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A Struggle For Life

(1901)


One morning as I was passing through Boston Common, which lies between my home and my office, I met a gentleman lounging along The Mall. I am generally preoccupied when walking, and often thread my way through crowded streets without distinctly observing any one. But this man's face forced itself upon me, and a singular face it was. His eyes were faded, and his hair, which he wore long, was flecked with gray. His hair and eyes, if I may say so, were sixty years old, the rest of him not thirty. The youthfulness of his figure, the elasticity of his gait, and the venerable appearance of his head were incongruities that drew more than one pair of curious eyes towards him, He excited in me the painful suspicion that he had got either somebody else's head or somebody else's body. He was evidently an American, at least so far as the upper part of him was concerned--the New England cut of countenance is unmistakable--evidently a man who had seen something of the world, but strangely young and old.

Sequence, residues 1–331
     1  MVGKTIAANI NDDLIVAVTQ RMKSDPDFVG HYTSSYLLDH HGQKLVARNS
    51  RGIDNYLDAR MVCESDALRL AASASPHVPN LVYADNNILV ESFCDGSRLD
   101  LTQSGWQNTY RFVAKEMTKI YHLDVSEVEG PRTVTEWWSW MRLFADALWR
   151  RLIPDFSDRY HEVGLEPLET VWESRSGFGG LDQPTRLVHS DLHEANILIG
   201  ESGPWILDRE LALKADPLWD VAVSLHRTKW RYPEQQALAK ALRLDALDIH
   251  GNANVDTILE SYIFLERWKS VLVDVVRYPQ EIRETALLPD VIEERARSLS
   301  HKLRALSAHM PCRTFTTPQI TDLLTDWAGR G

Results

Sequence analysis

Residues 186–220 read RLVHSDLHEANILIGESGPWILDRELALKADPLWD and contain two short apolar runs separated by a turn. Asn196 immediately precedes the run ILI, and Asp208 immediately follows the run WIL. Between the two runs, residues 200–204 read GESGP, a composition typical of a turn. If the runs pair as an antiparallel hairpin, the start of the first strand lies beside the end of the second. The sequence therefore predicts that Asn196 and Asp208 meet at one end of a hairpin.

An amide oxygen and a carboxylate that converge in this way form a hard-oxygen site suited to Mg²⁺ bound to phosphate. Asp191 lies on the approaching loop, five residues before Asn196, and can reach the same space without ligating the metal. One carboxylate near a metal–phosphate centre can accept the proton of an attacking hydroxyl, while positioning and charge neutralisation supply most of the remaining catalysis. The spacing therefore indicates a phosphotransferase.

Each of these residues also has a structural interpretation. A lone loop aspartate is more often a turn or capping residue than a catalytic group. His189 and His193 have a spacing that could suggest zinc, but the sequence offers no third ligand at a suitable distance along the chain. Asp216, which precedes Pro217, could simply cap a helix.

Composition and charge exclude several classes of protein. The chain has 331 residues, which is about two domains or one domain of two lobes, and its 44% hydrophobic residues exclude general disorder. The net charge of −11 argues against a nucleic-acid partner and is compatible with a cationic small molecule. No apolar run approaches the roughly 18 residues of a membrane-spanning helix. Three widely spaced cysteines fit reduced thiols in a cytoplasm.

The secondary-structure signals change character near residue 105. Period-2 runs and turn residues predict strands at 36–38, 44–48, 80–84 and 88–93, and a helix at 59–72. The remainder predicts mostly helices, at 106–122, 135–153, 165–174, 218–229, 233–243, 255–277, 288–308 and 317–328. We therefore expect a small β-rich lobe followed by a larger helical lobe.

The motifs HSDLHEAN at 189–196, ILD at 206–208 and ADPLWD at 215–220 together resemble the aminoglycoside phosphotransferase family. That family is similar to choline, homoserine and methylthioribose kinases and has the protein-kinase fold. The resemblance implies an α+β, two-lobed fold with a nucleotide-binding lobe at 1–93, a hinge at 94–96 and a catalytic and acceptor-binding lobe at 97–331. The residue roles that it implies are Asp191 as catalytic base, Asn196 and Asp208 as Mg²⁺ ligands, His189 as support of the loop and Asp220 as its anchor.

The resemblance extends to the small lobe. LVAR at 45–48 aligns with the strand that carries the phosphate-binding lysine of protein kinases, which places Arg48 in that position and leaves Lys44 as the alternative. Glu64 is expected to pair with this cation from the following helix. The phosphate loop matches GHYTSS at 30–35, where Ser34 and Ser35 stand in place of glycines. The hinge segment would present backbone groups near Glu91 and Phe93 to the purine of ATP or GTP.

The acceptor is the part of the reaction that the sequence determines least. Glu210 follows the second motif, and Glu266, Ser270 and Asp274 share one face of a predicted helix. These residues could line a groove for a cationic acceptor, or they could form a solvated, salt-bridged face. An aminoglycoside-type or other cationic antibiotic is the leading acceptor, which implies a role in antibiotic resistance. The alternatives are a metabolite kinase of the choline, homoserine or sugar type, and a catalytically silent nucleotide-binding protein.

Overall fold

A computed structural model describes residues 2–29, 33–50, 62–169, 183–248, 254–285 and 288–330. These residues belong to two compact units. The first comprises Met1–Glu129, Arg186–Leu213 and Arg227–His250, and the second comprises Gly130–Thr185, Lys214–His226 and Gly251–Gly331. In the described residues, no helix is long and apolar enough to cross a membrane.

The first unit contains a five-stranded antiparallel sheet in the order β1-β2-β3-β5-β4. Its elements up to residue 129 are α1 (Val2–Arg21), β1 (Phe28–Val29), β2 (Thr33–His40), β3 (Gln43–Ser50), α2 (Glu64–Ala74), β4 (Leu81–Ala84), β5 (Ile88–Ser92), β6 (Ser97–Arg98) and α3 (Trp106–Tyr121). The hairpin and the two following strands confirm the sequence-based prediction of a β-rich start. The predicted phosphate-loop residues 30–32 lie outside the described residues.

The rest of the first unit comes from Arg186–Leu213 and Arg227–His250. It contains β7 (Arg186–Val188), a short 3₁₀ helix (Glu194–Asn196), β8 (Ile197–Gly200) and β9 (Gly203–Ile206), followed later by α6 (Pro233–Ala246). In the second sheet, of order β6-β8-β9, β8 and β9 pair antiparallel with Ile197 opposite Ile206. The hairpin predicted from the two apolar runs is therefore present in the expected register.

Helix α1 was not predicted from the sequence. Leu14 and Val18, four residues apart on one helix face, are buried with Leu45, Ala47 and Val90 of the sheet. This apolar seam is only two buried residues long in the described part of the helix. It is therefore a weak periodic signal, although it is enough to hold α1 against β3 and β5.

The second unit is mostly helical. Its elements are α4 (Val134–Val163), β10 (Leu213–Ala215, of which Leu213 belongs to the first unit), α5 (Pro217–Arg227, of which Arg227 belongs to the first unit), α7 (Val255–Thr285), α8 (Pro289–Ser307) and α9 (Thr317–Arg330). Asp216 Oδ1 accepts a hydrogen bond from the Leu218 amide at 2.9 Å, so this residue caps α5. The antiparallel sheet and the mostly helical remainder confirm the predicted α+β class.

Before reaching the Park Street gate, I had taken up the thread of thought which he had unconsciously broken; yet throughout the day this old young man, with his unwrinkled brow and silvered locks, glided in like a phantom between me and my duties.

The next morning I again encountered him on The Mall. He was resting lazily on the green rails, watching two little sloops in distress, which two ragged ship-owners had consigned to the mimic perils of the Pond. The vessels lay becalmed in the middle of the ocean, displaying a tantalizing lack of sympathy with the frantic helplessness of the owners on shore. As the gentleman observed their dilemma, a light came into his faded eyes, then died out leaving them drearier than before. I wondered if he, too, in his time, had sent out ships that drifted and drifted and never came to port; and if these poor toys were to him types of his own losses.